Just a few weeks back EON Gaming let us in on a little secret; that they were making a more advanced version of their GCHD! If you’d like to read the original release information, click here. The GCHD is an adapter for certain models of Gamecube to let them have HDMI out at the highest native resolution. So it’s coming back now, better than before, but what are all of the changes? Are they all for the good of the retro scene and do they function as advertised? These are all questions I think you’d love to have answered before you drop any serious money on it, so let’s talk it over!
⦁’GCHD Mk-II was a collaboration between EON and acclaimed retro gaming modder, Dan Kunz
⦁ No Mod’s required, Plug and Play GameCube HDMI Adapter
⦁ Utilizes Custom EON GCvideo firmware
⦁ Allows for the highest native resolution on real GameCube Hardware through the digital AV port
⦁ Compatible on NTSC, NTSC-J, and PAL consoles
⦁ NTSC: 240p, 480i, 480p
⦁ PAL: 288p, 576i, 576p
⦁ Custom designed plug modeled after the original GameCube Component Cables
⦁ Redesigned plugs made from Ballistic Nylon for maximum durability with minimal added weight
⦁ Taps into both the analog and digital ports, both for added versatility and stability
⦁ New Wii Component / Wii SCART port supports YPbPr and RGB outputs
⦁ New 3.5mm Aux / Mini TOSLINK port supporting both analog and digital audio
⦁ Using a 3.5mm aux cable/headphones provides analog audio straight from the GameCubes analog AV port
⦁ Using a Mini TOSLINK cable provides optical digital audio straight from the GameCubes digital AV port
⦁ Lagless input – controller inputs appear on screen instantly
⦁ Professional grade construction using top quality chips and boards, including gold plated pins
⦁ Fully customizable experience using the IR on screen menu (Universal Remote Required)
⦁ 3 New Colors: Indigo, Silver, Black’
The last time I reviewed the product I said this about it. “Now, if you actually look at the device, you’ll find it’s damn strong. The plastic they use is ultra sturdy and can’t be bent and isn’t squishy.” The same is so true about this new device from EON. They have a device that even if you step on it doesn’t seem to have any give to it. So it was off to a good start. I was afraid to test that if I struck it while it was plugged in if it would break away from the Gamecube, but I doubt that anything would truly happen.
The product feels ever so slightly heavier than its older brother. It has some new bits to it internally, so that would explain that. No worries though, it’s nothing that would fall out of the back of your Gamecube, it’s not that heavy. Additionally, getting it to snap into the back of your Gamecube is the same as the previous model. You sort of have to listen for a click or feel it pop nicely into place if you’re doing it right. Just give it a little wiggle after you think it’s in place. If it doesn’t budge, you’re good.
There are new ports. If you watched the video you’ll see me go through all of it. The video new port that I mentioned was for Wii Component also does Wii SCART. This is useful as you can have RGB out. The great thing about this is that the Component cable was more popular towards the end of the CRT lifecycle. So you have a lot of flat glass CRTs that supported component and look fantastic. So if you have your HDMI going out to your HDTV and your Wii component cable going out to an older Sony Trinitron, you’re getting two of the best outputs possible!
The new circular port next to it is obviously so that you have audio out separate from the HDMI. This is extremely useful for a lot of purposes. I would assume the main one being people who are taking PC monitors with them and their Gamecubes. Now they can have speakers plugged in since some PC monitors do not support audio through HDMI. The port can also be used with mini Toslink cables as well to obtain digital audio out. Or if you’re just looking for a quiet experience, you can pop some headphones in and enjoy your audio that way. All of these ports have great build quality. They certainly feel great when you plug your cords in and hold onto the cords tightly.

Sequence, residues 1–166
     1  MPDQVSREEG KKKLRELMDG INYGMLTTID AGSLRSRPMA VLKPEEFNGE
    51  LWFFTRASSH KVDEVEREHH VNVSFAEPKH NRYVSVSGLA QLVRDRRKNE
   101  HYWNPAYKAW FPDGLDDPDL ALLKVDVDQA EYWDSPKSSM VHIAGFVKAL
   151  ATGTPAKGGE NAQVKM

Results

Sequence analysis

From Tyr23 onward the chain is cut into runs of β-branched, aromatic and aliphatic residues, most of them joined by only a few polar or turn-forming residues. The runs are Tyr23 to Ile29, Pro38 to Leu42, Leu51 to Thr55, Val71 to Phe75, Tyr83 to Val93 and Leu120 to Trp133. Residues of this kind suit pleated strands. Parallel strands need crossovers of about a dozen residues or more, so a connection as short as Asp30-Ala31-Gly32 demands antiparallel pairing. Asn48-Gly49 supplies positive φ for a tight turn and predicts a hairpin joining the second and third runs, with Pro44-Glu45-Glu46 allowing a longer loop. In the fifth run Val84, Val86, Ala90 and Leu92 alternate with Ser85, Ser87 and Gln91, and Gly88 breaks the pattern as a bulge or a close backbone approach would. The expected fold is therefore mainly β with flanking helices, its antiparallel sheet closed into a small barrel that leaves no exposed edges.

Last of all is the size. The difference between the first model and this model is barely different, if different at all. The great thing that I noticed is that, while it protrudes from the back of the system, it doesn’t come out any further than the Gamecube handle. I think this is worth mentioning because it does look like it’s a big object, but in reality, it adds so additional bulk to the back of the Gamecube. Keeping this device even more appealing in terms of its build.
HDMI seems to be a smidge lighter while the component output seems to clock in a little bit darker. It’s a negligible difference, but if you’re looking for it you might see it. I only discovered it by having both my HDMI and Component plugged into the TV. Then I paused the game and toggled back and forth between the inputs. It may have everything to do with how the TV displays, I’m uncertain as I only have the one TV that has both inputs. So maybe like, I don’t know, two people will ever care about that. But it is technically worth mentioning.
That is really the only difference that I could find between the two. Also, it’s worth bringing up that you will always have to enable Progressive Scan for the games that require it as it has to be done manually. But if you do, it will output in Progressive scan through both outputs! I didn’t think that it would at first, but then I realized that it’s not like the Gamecube can send Progressive Scan to one output and not the other simultaneously.
Anyway, I figured I’d start out with some quick gameplay footage of the HDMI of Soul Calibur II that I pulled as it has fully animated cutscenes, crisp menus, and fast in-game movements. I think it has the perfect trifecta of each so you can see them. (Don’t worry, I will be adding more gameplay as the week goes on, I can gladly take requests.) I no longer have a component capture card as I logically thought I would never need one again. This proves to me I was wrong, and I’ll get one again for future reviews. But just know that I could barely notice a difference between them really. If you’re someone that doesn’t have an HDTV but has a great, component based CRT, this is also a great alternative to the expensive and hard to find Gamecube component cables.
Examining the Features:
Let’s just go through all of the features really quickly. We’re only going to talk about the features that are testable. Things like the fact you can choose one of three colors isn’t really a feature so much as it is an option. Also, I can’t test things like the fact that it’s made of Ballistic Nylon. I’m just going to chalk that up to them telling the truth.
First off, it talks about the product being plug and play. That there is nothing additional that you have to do. This is very true, you literally pop it into the back of your Gamecube, plug the cord into it and your TV and turn it on. Now, the caveat about this model is that if you also want to set up a mini TOSLINK set up, and additional monitor, you’re going to be doing some extra work. But it is still plug and play. The only time you’ll have to worry about programming anything is if you want to mess around with the video settings of the GCHD with a universal remote. But that’s not a requirement and that’s on you.